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Ankole Cattle

Bos taurus taurus ankole

  1. Not Evaluated
  2. Data Deficient
  3. Least Concern
  4. Near Threatened
  5. Vulnerable
  6. Endangered
  7. Critically Endangered
  8. Extinct in the Wild
  9. Extinct

About Us

The Ankole cattle are named after the Watusi tribe of Africa and are a domesticated species. It is thought that they are a cross between two different breeds of cattle that migrated to East Africa around 1000 BC. Our herd of Ankole Cattle can be seen in the Savannah section of the road safari. Here they roam in their 50 acre exhibit with a number of other African species.

Uganda, Tanzania, Rwanda, Burundi and in Eastern Africa
Forests, meadows and rich grasslands
5.5 to 6.6 ft at the shoulder
Cows 500 kg and bulls 700 kg
20 years
Predation by lions and leopards

Social Behaviour

Ankole cattle are a very active and highly social species that prefer to live in a large herd for company and protection. Due to predation these herds have very strong protection instincts and adults will bed down in a circle facing outwards with calves kept safe in the centre. During the day calves will stay close to the herd or at least remain close to one adult. If the herd become alarmed the calves will instinctively run in front of the horns of a retreating mother or under her belly for protection. Some individuals can be quite aggressive and will charge other members of the herd and push the subordinate animals out of the way with their horns.

Breeding Behaviour

The gestation of an Ankole is approximately nine months after which a single calf is born weighing between 30 to 50 pounds. They will then reach sexual maturity at around the age of 18 months of age.


Ankole are grazers and they feed on sparse grass and have a very limited supply of water. It is their digestive system that has the ability to utilize this poor quality roughage and limited quantities of water enabling them to survive in their habitat.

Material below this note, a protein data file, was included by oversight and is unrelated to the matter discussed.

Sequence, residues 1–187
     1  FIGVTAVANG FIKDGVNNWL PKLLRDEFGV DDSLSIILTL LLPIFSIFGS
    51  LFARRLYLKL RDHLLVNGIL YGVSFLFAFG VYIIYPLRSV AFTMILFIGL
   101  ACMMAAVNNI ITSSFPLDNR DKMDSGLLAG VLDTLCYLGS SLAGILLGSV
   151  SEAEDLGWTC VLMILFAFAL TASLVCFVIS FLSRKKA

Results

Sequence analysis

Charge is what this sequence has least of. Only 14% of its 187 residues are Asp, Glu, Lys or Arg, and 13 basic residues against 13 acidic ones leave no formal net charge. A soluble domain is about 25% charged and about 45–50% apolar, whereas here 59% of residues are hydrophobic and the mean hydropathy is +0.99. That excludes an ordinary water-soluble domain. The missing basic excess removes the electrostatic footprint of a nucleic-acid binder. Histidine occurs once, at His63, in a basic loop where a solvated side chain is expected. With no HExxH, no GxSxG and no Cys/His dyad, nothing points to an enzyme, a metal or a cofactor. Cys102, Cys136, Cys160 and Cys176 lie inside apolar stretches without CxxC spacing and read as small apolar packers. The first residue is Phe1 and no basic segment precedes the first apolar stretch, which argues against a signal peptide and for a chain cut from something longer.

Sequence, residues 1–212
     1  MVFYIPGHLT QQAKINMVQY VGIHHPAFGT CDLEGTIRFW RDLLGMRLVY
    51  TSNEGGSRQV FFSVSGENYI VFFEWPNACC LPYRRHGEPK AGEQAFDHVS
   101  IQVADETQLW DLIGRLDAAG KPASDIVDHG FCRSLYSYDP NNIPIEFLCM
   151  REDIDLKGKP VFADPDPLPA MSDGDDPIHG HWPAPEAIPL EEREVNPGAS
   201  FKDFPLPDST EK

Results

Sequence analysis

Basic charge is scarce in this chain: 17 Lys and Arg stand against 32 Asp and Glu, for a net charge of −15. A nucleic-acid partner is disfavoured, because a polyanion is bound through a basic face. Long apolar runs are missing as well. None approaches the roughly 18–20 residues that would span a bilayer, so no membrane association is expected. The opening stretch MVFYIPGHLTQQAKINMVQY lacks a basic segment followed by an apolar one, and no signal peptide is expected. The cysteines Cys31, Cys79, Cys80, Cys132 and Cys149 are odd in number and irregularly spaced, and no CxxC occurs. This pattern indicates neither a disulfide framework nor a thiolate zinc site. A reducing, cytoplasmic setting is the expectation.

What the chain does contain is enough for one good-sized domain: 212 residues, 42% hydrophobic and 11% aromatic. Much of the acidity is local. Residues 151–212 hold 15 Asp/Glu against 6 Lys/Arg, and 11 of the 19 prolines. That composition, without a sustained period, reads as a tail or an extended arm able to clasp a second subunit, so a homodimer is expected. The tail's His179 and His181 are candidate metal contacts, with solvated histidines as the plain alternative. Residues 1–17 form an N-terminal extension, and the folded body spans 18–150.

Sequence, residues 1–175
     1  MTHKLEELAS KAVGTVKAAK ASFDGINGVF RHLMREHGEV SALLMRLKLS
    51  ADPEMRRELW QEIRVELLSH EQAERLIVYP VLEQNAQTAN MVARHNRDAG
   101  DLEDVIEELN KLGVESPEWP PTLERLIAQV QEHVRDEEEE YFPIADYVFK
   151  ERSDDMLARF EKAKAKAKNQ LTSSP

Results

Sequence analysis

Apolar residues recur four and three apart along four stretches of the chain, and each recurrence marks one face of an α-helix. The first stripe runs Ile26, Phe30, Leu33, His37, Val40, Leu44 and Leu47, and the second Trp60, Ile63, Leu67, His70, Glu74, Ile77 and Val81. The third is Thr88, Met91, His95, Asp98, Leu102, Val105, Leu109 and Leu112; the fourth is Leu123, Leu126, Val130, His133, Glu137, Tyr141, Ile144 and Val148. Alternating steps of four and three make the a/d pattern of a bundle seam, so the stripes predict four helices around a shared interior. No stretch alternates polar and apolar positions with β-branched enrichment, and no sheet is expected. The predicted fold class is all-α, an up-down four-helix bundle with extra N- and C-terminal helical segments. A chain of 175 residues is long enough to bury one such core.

Physical Features

Ankole cattle are usually solid in colour but they can also be spotted or speckled. A rusty dark red coloured coat is predominantly seen although dun and black can also occur. Both the males and females have the largest horns of any specie of cattle and they can spread nearly 2 metres across. Calves horns will develop at around 2 months of age and by 18 months they are large but quite light and hollow. These horns help them to disperse excess body heat as blood circulating through the horn is cooled and then returned to the body. This helps them to cope in temperatures ranging from 20 to 120 degrees on a daily basis. To help support the weight of the head and their long horns they have a large muscle on the top of their shoulder and underneath their head on the lower neck is a flap of skin called a dewlap.


Ankole Cattle are a domesticated species and their biggest threat is predation by lions and leopards.

Fun Facts

Ankole are kept for meat and dairy products and their owners will also bleed them and then consume the blood.

They are capable of running and jumping with tremendous agility! The Ankole at Woburn will always stay together. If one of our cows is thirsty they will all walk over to the other side of section for her to do so and then all move back to where they were originally resting.

The milk and the blood from the Ankole is quite often mixed together to make a high protein milk drink which is staple in many African tribes diets.

They are quite often chased by the other species living in the African Savannah reserve at Woburn. The Rhino, Wildebeest and in particular the Ostrich like to do this!